Nurses push back at UCMC
and report on a tentative contract agreement between National Nurses United and the University of Chicago Medical Center.
SOME 1,500 registered nurses at the University of Chicago Medical Center (UCMC), members of National Nurses United (NNU), came within two days of striking for improved safety standards and patient care practices--but after a bargaining session that ran late into the night on April 27, the union reached a tentative agreement.
Nurses held the line on major bargaining issues and even scored two important wins: the elimination of swing shifts, with permanent shift nurses to be hired over the coming six months to replace the swing shifts, and the hiring of eight new patient care support nurses. The other major patient safety issue--staffing ratios--was not resolved in this round of bargaining, but remains a looming battle for nurses' unions across Illinois and much of the country.
When the union called an April 30 strike date, UCMC announced that it would lock out nurses for four more days after the strike. Administrators claimed this was to ensure patient care, but if they were really interested in this, they would have immediately met the nurses' demands for better working conditions.
When asked for management motivation behind the lockout, Talisa Hardin, a RN who has worked in the Burn Unit at UCMC for the past eight years, said: "I have no idea why UCMC is locking us out for four days. It feels as if it is retaliation, or a punishment for nurses who have decided to stand together and fight for a fair contact."
THAT NURSES, whose daily work and entire training focus them on doing what is best for patients, were willing and prepared to strike is a demonstration of how far away management has gotten from their stated mission of patient-centered care. And the University of Chicago community knew it, too.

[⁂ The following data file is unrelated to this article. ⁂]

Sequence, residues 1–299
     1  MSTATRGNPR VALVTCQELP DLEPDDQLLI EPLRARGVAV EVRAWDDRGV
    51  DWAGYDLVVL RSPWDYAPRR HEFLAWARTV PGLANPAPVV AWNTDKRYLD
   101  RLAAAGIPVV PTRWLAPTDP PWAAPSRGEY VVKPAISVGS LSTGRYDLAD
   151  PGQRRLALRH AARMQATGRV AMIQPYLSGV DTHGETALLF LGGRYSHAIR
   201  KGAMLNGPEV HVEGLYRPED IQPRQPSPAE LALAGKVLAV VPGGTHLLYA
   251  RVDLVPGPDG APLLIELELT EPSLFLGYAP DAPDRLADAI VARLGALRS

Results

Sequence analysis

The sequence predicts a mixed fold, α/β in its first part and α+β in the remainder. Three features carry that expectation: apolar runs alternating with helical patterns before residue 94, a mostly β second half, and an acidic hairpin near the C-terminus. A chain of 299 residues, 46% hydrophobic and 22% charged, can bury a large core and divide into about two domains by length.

When nurses decided they would have to strike for themselves and their patients, they reached out to other hospital and campus unions, including Graduate Students United, plus campus groups including Students for Health Equity, Students Organizing United with Labor and Southside Solidarity Network.
Graduate employees and student activists sprang into action in support of the nurses, organizing teach-ins about what the nurses were fighting for and leafleting students to build solidarity for the strike. "You know how you feel after pulling an all-nighter?" one activist asked a passing student. "Imagine trying to care for a critical care patient when you feel like that. You couldn't."
Additionally, students connected the strike to the ongoing struggles on the campus and the neighborhood--in particular the fight to get UCMC to open an adult trauma center, which the majority-Black South Side is currently without. Trauma patients have died in transit to the next closest trauma center, more than seven miles away on the North Side of the city.
The student/graduate employee/nurses coalition represents the culmination of an ongoing effort by organizers on campus to connect struggles and build power, and we know this wasn't the last round. The university continues to displace Black working-class residents from the neighborhood and deny graduate employees their right to a union, as well as all the speedups and cutbacks the university demanded of nurses.
But the importance of the battle at UCMC went far beyond the Hyde Park-based University of Chicago. The strike would have been the first nurses' strike at a hospital in more than two decades.